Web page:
Behaviour Change

PROPAGANDA FOR CHANGE is a project created by the students of Behaviour Change (ps359) and Professor Thomas Hills at the Psychology Department of the University of Warwick. This work was supported by funding from Warwick's Institute for Advanced Teaching and Learning.

Friday, February 13, 2015

Where Help A Child Went Wrong



In July 2014 one of the largest marketing agencies, Ogilvy and Mather, produced this advert for Feed A Child. The South African charity aimed to use shock tactics to raise donations but the campaign was met with complaints of racism and unhelpful stereotyping.

The advert falls short in a number of ways. Firstly, the use of the statistic “the average domestic dog eats better than millions of children” is imprecise and unclear. On what scale have they measured how well someone eats? How many millions of children? Next, the ignorant stereotyping which is used portrays the charity as out of touch with the population. The lack of varied examples portrays a racial divide and stereotypes which rightly angered many.

Finally, one key flaw in the effectiveness of this message is the way the advert makes the target feel. The people privileged enough to donate are effectively being criticised for not doing more in the past and treating those less privileged badly. Research has shown that providing individuals with an initial prosocial label will increase their helping later on (Strenta & DeJong, 1981).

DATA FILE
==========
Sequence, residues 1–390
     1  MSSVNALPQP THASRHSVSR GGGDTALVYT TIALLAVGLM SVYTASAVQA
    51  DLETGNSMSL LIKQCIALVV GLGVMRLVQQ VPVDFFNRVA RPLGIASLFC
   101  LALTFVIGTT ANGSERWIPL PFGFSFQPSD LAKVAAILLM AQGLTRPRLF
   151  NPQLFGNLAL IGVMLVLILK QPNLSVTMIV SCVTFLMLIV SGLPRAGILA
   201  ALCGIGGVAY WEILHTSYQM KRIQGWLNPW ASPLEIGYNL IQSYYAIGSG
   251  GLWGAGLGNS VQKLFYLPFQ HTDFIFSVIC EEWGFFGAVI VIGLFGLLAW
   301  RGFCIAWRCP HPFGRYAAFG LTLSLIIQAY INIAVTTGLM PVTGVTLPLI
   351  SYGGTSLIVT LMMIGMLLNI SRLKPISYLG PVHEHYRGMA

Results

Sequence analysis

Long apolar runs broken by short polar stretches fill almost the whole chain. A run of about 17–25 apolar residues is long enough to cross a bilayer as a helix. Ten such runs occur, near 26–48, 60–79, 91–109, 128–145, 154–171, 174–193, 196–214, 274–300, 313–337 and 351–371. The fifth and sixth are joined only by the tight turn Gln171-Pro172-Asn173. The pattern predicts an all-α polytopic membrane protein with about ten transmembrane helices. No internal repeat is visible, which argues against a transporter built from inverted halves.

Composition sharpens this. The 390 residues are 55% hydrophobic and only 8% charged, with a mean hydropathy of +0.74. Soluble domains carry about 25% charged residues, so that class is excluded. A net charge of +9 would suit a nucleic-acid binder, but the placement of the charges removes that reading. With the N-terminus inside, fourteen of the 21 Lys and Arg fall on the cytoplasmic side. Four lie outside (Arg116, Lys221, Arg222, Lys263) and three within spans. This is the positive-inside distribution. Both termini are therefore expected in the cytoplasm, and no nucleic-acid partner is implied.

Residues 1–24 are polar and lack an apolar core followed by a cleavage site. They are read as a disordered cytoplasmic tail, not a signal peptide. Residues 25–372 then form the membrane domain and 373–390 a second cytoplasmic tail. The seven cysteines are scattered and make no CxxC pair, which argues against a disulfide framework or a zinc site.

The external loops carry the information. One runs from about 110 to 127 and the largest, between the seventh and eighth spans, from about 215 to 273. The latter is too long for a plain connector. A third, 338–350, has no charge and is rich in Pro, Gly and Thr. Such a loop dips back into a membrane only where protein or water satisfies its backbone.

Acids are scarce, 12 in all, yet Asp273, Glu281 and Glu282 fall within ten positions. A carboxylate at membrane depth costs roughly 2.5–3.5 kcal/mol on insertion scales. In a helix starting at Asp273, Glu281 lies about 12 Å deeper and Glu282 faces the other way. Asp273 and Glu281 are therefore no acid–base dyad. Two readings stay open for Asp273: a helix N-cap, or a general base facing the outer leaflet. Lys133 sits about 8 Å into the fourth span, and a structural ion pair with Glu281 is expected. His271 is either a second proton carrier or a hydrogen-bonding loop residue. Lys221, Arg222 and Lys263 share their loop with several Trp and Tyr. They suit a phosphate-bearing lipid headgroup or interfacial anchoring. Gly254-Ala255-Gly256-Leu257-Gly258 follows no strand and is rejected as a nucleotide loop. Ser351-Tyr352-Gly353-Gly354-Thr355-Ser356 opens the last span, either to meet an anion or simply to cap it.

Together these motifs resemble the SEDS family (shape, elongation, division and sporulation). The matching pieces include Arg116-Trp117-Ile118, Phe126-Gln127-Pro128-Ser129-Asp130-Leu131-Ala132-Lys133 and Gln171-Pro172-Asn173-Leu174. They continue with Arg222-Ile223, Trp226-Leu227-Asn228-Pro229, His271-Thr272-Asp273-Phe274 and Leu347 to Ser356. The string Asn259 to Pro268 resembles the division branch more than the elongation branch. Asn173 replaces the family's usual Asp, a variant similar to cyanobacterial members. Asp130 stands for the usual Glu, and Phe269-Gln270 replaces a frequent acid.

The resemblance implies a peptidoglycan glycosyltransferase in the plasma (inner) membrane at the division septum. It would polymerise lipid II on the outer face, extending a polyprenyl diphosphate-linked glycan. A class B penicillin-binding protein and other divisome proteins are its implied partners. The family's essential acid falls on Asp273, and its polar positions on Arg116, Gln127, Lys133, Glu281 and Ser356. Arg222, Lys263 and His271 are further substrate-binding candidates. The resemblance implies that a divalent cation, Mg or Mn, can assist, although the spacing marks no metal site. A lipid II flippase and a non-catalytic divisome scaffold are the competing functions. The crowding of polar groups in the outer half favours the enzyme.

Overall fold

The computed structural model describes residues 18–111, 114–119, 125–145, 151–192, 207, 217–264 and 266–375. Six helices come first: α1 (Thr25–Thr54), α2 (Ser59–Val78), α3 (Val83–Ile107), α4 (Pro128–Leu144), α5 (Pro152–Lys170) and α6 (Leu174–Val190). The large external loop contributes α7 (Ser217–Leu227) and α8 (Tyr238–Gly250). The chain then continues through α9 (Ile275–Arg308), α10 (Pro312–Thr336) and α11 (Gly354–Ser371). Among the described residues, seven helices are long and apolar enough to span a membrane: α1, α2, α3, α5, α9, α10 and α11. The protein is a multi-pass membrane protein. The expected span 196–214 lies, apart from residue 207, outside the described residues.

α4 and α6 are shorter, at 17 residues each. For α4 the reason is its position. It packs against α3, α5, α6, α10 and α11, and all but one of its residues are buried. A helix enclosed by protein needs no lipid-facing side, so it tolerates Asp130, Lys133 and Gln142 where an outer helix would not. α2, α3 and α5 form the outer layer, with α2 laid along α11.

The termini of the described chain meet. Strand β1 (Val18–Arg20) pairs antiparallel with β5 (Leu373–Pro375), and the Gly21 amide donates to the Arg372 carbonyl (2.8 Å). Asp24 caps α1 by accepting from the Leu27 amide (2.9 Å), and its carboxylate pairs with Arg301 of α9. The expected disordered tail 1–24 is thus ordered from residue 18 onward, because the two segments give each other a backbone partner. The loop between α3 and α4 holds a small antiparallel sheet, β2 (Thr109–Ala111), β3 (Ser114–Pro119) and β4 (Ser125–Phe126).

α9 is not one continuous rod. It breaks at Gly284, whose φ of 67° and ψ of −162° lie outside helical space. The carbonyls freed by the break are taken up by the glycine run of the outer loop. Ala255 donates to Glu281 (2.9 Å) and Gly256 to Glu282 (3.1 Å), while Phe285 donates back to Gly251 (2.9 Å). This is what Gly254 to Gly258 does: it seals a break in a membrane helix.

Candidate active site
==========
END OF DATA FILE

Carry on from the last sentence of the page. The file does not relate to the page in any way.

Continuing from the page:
In their experiment, Strenta and DeJong advertised a personality characteristic questionnaire as the reason for their research. At the end of the questionnaire the participant was assigned to either a prosocial, intelligent, salient or control condition. The program told the prosocial group their scores indicate they are “kind and thoughtful”, the intelligent condition were told they are more intelligent, the salient condition were told the study aimed to measure kindness to others using the questionnaire results and the controls were given no feedback at all. A confederate then dropped papers and books in front of the participant and their helping behaviour was recorded, with results being shown in table 1 below.

Table 1. Mean helping scores for each experimental condition.

The results show the prosocial group had the highest proportion of participants helping. Once they had helped, the prosocial group picked up the most cards, helped for longest and were quickest to help. Strenta and DeJong argue the results suggest the label makes that trait more prominent in the target's self-image, making those labelled as prosocial more prepared to help others.


Had Feed A Child incorporated a strategy whereby they tell people of all the excellent donations they had received and how this had helped fight poverty, it could place the target under a more prosocial self-image, making them more prepared to donate. Instead, the negative image they are labelled under will fail to enhance helping behaviours.

Strenta, A., & DeJong, W. (1981). The effect of a prosocial label on helping behavior. Social Psychology Quarterly, 44, 142-147.

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